The last three years have brought huge changes to the Society’s funding. Figure 2 illustrates our projected budgeted income for 2022–23, which is significantly higher than 2018–19, but we project will show a distinct change in the diversity of the main income streams.

The most noticeable change is the significant reduction in journal income following changes in our publishing portfolio. As part of our income diversification efforts to secure the financial future of the BSI, in 2021 we evolved our publishing strategy to focus on developing journals wholly owned by the Society which will allow us to support current and future generations of immunologists. These changes resulted in our current family of journals with three excellent platforms for research dissemination: Discovery Immunology, Immunotherapy Advances and Clinical & Experimental Immunology. As we have been working to reduce our reliance upon journal income to widen our revenue sources, next year our journals will bring in approximately half of the income we received from our publishing portfolio in 2018–19. This was expected and our income is now more diverse showing two new large income streams which better support the financial security of the Society.

The first income stream refers to funded projects which reflects the expansion of our activities to support wider immunology research efforts and the income received for our work on partnership projects including National Core Studies Immunity and the new CARINA network on the immunology of ageing. Funded projects are an important new source of income for the BSI which is expected to contribute over 10% of our income next year. We are planning to develop this area further over the next few years as we build relationships with our project partners and funders.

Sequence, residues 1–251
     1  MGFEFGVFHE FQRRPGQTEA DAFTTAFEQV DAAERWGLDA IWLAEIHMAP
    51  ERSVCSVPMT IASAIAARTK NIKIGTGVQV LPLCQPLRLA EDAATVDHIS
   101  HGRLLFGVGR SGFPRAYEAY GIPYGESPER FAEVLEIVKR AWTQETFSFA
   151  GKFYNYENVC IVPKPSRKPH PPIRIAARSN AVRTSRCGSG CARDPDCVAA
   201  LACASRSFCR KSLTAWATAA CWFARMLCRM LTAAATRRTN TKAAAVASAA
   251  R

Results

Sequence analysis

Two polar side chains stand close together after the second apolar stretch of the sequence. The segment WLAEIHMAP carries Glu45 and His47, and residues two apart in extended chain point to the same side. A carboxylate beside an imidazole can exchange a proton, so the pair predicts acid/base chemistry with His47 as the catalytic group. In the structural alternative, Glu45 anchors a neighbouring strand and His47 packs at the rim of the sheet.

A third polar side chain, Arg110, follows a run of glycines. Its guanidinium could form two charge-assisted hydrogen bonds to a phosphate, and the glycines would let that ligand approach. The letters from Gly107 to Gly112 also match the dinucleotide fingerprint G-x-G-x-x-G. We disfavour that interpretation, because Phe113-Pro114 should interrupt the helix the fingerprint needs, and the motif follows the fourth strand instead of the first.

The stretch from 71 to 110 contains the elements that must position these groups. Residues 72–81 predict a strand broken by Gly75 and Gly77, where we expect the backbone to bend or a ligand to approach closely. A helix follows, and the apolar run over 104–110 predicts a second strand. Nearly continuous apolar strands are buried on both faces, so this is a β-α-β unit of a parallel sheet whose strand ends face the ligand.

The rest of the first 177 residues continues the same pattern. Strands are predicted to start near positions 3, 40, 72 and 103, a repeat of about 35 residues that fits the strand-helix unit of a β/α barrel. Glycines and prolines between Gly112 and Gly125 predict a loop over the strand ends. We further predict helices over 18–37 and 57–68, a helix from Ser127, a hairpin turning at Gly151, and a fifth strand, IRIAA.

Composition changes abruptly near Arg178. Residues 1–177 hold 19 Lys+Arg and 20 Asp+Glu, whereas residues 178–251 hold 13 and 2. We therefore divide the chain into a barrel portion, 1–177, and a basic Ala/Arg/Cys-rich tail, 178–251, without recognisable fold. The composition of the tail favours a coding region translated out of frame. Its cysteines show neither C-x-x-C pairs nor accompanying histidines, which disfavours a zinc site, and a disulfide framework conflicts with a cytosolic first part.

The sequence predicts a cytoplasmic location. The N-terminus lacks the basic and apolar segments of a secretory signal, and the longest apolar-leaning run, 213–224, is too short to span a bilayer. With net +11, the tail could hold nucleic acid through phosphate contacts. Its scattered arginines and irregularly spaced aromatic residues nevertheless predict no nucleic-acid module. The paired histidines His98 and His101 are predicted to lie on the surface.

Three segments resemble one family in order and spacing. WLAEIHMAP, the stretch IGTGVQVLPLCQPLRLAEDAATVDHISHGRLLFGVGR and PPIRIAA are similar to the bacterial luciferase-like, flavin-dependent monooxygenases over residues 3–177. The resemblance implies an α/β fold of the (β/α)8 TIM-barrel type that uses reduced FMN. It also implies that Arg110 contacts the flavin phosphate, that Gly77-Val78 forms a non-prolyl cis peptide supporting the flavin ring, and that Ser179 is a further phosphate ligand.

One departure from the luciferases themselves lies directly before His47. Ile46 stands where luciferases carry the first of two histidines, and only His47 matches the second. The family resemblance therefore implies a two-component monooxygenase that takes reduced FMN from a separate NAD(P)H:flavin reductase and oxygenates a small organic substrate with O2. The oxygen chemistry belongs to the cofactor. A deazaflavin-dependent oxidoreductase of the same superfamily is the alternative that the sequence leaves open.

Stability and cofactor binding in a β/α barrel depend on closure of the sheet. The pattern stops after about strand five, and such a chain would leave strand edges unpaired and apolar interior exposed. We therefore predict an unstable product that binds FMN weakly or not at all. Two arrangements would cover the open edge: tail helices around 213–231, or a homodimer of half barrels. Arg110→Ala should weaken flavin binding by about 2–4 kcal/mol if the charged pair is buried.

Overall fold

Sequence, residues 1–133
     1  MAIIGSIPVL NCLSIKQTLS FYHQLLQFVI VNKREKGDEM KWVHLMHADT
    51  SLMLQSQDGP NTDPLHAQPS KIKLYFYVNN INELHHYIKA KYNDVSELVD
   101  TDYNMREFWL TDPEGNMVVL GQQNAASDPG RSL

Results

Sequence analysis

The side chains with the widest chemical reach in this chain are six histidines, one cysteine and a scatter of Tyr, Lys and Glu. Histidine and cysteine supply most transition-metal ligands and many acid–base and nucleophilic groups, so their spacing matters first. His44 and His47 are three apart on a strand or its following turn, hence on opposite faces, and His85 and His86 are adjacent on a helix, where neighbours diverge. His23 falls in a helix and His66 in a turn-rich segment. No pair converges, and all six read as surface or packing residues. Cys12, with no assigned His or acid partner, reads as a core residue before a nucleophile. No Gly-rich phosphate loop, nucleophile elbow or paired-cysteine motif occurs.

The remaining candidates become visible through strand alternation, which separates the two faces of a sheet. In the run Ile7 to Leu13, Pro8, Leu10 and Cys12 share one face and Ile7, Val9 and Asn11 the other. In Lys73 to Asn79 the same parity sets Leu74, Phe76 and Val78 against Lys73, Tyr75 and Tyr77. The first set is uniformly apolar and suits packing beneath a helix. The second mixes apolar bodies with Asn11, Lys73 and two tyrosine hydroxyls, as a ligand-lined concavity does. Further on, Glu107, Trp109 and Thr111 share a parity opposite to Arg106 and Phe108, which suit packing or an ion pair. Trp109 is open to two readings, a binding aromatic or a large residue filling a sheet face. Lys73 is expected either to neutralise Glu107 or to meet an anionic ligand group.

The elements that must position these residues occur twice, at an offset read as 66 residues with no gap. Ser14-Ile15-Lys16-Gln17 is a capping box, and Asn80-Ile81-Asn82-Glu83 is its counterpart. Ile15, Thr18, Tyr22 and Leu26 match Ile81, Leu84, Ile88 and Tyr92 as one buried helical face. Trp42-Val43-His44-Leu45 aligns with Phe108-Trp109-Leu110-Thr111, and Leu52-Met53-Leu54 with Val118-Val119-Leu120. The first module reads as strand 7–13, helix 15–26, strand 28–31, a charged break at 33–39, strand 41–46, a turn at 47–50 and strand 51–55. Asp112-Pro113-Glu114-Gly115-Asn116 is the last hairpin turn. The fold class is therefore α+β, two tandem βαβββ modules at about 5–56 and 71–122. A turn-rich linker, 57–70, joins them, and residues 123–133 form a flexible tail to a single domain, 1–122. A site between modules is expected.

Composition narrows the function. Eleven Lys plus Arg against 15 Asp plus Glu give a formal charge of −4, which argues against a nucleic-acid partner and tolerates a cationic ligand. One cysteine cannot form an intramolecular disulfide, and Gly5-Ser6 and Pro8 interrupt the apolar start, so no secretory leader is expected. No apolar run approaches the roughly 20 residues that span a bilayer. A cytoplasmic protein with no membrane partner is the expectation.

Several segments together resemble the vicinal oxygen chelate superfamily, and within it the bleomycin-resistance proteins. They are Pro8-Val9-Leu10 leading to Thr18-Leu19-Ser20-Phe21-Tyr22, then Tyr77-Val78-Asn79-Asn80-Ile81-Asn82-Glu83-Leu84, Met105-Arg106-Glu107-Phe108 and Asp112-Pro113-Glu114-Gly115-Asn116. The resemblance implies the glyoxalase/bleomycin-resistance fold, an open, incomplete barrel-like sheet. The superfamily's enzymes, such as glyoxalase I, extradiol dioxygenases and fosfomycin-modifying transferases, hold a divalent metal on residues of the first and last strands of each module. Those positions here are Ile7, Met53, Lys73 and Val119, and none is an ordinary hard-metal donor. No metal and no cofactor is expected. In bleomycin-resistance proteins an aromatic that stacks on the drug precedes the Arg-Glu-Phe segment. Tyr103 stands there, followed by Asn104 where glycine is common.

The second new income stream is currently under development for launch in the next financial year. We are very excited to share some new projects which will generate new sources of income to support our members soon.

Figure 3 finance

How have we been securing our financial stability?

To deliver our ambitious strategic aims, we need to maintain the BSI as a sector-leading organisation, and one of the key enablers to do so is our financial sustainability.

Over the past decade our journals provided a high level of stable income and, together with the strong performance of our investments, we built up reserves of almost £5m last year.

We have well thought out plans to use some of our reserves to further support our members through new initiatives such as our Career Enhancing Grants and to develop new sources of income for the Society that will in turn fund other important activities to benefit our members.

The development of new income streams is not a quick process as there is often a delay between investment and return requiring the use of reserves. They have been built up for exactly this purpose and their use has been carefully planned to ensure they are used in the most effective way while ensuring the financial sustainability of the BSI.


Otto Balsiger

BSI Finance Director